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Knifemaking Technology

Knife making technology today has come a long way from its beginnings ­ but that happens over several hundred thousand years. Knife making technology has its roots in the beginnings of humanity; knives and similar blades were the first tools humans and pre-humans made. In fact, knife making technology as well as other metallurgic advancements are one of the ways we determine how technologically advanced a society was. Today, knives hold the same fascination they have always held; many people appreciate their beauty and utility. And modern knife making technology has provided us with some remarkable advances in both the appearance and function of knives.

If you're interested in knife making technology, you should probably learn the basics of knife making. Modern knives are generally composed of a blade with a tang, a guard, a handle, and sometimes a pommel. Today's knife making technology can provide blades in a variety of high-tech substances, including advanced steel alloys like titanium or steels produced with special methods, like Damascus steel. Because the materials in knife making technology have grown harder and more advanced over the years, the tools used to produce them have grown commensurately advanced as well.

Knife making technology is all about making the hardest, least breakable, easiest to sharpen (or most rarely needing sharpening) blades possible. With today's knife making technology, you can make blades that would be considered almost magical years ago. A method of folding carbon and alloys into steel is used in today's knife making technology to make Damascus blades, the original version of which were made famous during the Crusades for their strength, beauty, and finesse. Our Damascus blades today, though not quite the same, use modern knife making technology to improve on the original.

Knife making technologies for blades include three basic methods: casting or moulding, blacksmithing, and stock removal. Each knife making technology has its advantages. Casting produces blank blades that are inexpensive, but metals used in it must be able to form their own crystalline structure without human intervention. Blacksmithed blades, the knife making technology used to make Damascus or folded-metal blades, are strong and hold an excellent edge, but are time consuming and labor intensive, thus more expensive than other blades. Stock removal knife making technology, a method for cutting knife shapes from prepared metal, produces blades with the strength of a blacksmithed blade, but because the metal can be produced in bulk, it's much cheaper.

Another part of knife making technology involves preparation of the handle. Today's handles aren't at all like those of early knives. With epoxy and modern glues, soldering, and other fixatives, you can make very stable handles for your knives, and precision riveting can make your knife almost impossible to break. Other knife making technologies involve the use of synthetic materials to form beautiful and functional knife handles.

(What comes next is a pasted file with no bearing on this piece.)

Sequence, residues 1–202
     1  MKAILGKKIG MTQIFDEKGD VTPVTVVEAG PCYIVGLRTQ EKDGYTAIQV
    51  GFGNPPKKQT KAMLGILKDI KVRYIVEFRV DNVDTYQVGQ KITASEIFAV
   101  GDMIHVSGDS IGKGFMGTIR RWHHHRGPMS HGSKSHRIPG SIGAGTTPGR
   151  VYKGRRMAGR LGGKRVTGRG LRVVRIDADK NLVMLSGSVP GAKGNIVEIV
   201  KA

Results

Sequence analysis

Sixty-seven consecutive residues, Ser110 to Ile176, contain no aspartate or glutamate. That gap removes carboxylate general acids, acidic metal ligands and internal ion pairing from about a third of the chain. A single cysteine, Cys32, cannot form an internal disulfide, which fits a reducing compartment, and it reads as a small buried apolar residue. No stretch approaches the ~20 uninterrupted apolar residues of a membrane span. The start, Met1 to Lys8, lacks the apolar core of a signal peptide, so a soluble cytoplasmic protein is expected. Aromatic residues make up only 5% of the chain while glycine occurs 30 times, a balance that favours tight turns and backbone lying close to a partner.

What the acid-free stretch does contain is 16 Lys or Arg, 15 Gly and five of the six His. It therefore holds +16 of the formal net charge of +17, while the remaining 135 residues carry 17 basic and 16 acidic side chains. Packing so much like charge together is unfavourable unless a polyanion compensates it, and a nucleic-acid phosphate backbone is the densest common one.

With today's knife making technology, you can find handles decorated like mother of pearl or abalone, laminated wood, and many other specialized substances. The handles are stronger than the natural material would have been, and wear better. Good knife handles are non-slip, and will be easy to grip. They will also balance well with the blade, as well as looking nice. Today's knife making technology provides us with a variety of rubber and textured knife handles that will be ideal for you.

Beyond the materials used to make knives, knife making technology today includes the best in high tech tools. On the most complicated end, machine-tool shops can quickly and accurately prepare stock removal blanks with laser cutting and extreme precision; but in your home workshop, knife making technology will include the use of devices as simple as a soldering iron, an electric grinder, and an electric drill with sanding attachment. Think how far that's come from knapping out flint knives!

Another item that's come a long way in knife making technology is the blade. Today, in addition to plain flat blades, we have many knives with serrated edges, ideal for any task that requires sawing such as skinning animals. If you're planning on making your own knives, serrated edges are an advanced knife making technology and may be too difficult when you're starting out. It is, however, a technique you can work toward.

If you're interested in technology and metallurgy at all, knife making technology is sure to fascinate you. With its long and venerable history, the beauty and art of the craft, and the remarkable advances in knife making technology, knife making makes an excellent hobby.

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